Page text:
Broadband firms have been urged to drop penalties for customers leaving mid-contract amid concerns of impending “exorbitant” price rises or exit fees of more than £200.
Millions of broadband and mobile phone customers can expect to face monthly bill increases of at least 14% from April.
Providers often link their annual price rises to January’s consumer price index (CPI) or the retail price index (RPI). Despite a slight easing this month, both are near the highest they’ve been for 40 years, with the latest CPI at 10.5% and RPI at 13.4%.
BT, EE, Plusnet and Vodafone broadband contracts allow prices to go up by CPI plus 3.9%. At TalkTalk, it is CPI plus 3.7%, while Shell Energy can add CPI plus 3%. Sky and Virgin Media contracts allow mid-contract price increases but they do not stipulate a pricing formula in the same way as rivals.
BT has confirmed an increase this year of 14.4% – CPI of 10.5% plus 3.9%.
Which? warned that given many customers saw their broadband bills increase by nearly 10% last year, this is “another blow” for those looking to keep spiralling costs under control.
But because mid-contract price rises are written into the terms and conditions of some people’s contracts, Ofcom’s rule is that in those cases the customer does not have the right to exit penalty-free – meaning they have no choice but to accept the new higher price or pay an exit fee to terminate their contract.
However, the rules do require the relevant terms to be set out prominently and transparently, at the point of sale. Ofcom is currently investigating whether in-contract price rises were set out clearly enough by phone and broadband companies before customers signed up.
Which? is calling on all providers to “carefully assess what level of mid-contract price rises can be justified in the current economic climate”.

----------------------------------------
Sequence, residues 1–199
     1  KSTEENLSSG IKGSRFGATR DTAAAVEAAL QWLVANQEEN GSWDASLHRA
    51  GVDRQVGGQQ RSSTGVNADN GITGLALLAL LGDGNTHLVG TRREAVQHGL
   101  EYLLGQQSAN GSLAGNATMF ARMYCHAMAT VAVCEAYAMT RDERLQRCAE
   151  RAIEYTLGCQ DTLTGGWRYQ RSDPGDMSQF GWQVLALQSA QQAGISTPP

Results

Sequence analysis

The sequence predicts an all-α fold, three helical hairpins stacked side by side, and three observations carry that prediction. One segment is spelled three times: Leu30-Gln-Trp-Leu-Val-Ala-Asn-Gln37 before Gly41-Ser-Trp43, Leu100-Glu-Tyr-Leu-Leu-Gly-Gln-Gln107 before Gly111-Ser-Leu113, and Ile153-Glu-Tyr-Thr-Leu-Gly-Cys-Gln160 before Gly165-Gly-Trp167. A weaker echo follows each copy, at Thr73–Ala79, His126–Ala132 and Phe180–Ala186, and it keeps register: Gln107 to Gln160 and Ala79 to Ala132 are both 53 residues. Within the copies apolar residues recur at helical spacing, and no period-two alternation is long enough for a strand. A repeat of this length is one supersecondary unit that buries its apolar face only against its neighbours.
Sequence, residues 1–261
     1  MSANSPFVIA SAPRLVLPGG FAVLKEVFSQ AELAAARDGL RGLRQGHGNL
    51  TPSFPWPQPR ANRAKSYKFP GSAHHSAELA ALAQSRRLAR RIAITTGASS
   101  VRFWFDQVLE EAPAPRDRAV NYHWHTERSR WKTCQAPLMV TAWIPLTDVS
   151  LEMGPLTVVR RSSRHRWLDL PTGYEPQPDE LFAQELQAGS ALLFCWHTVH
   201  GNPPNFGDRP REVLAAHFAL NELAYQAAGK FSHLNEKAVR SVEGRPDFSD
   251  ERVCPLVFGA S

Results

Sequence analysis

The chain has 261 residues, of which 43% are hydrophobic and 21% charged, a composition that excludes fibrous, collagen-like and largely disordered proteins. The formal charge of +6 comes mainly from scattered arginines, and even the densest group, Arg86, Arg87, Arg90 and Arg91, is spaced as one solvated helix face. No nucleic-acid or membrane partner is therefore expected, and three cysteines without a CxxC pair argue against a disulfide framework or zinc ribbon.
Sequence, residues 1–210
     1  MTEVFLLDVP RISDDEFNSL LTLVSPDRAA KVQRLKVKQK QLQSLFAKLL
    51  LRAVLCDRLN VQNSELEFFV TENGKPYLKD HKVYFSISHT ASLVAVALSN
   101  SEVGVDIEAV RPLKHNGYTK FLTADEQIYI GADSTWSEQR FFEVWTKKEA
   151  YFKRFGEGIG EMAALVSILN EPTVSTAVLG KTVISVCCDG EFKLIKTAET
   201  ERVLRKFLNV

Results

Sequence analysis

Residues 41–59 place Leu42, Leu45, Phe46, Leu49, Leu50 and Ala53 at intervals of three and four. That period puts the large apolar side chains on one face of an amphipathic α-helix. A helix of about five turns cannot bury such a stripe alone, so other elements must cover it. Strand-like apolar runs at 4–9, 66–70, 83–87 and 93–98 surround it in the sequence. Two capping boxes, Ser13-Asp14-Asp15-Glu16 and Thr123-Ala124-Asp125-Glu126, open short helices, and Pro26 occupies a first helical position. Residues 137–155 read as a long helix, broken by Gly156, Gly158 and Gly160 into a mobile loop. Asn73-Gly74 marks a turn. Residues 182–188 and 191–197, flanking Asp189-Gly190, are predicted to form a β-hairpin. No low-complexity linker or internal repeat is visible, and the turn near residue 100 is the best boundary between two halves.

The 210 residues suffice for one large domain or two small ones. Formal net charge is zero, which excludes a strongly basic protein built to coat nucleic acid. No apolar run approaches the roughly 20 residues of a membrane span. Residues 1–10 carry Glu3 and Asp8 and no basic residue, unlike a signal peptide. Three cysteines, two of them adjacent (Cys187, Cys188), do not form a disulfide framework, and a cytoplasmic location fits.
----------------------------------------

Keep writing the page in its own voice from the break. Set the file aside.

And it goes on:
Rocio Concha, Which? director of policy and advocacy, said: “It’s hugely concerning that many broadband customers could find themselves trapped in a lose-lose situation where they either have to accept exorbitant – and difficult to justify – mid-contract price hikes this spring or pay costly exit fees to leave their contract early and find a better deal.
“Which? is calling on providers to let their customers leave without penalty if they face mid-contract price hikes. Providers should also carefully consider the level of any price rises when many consumers are already under huge financial pressure.
An Ofcom spokesman said: “While Ofcom doesn’t set retail prices, companies must treat customers fairly – particularly during an exceptional period of hardship for many households.
“Our rules are clear: everyone must be told upfront about any future price rises before they sign up, and we’re investigating whether phone and broadband firms are sticking to this.
“Customers can already exit penalty-free if their provider didn’t specify a price rise in their contract, or didn’t make it clear when they signed up. If you don’t think your provider’s played by the rules, you should complain to them first and escalate to the independent ombudsman if necessary, who can make a judgment on your case.”
A spokesman for BT Consumer, covering BT, EE and Plusnet, said: “With the December 2022 CPI rate now announced, we can confirm our price change will be going ahead on March 31.
“We expect the average customer will see their price rise around £1 per week. This price rise doesn’t apply to all our customers. Over three million customers across our BT Home Essentials, EE Mobile Basics, PAYG, BT Basic, landline-only and Home Phone Saver will have their prices frozen through 2023.
“Although telecoms bills remain a small fraction of total average household spend, we know that everything adds up. We take seriously our responsibility to ensure our services are accessible to the widest group of customers possible through our market leading social tariffs.
“Customers who are struggling financially and are eligible for Home Essentials can move penalty-free at any point in their contract, this also includes EE and Plusnet customers.
“We are balancing our own rising costs due to high inflation and making vital digital infrastructure investments for the UK.”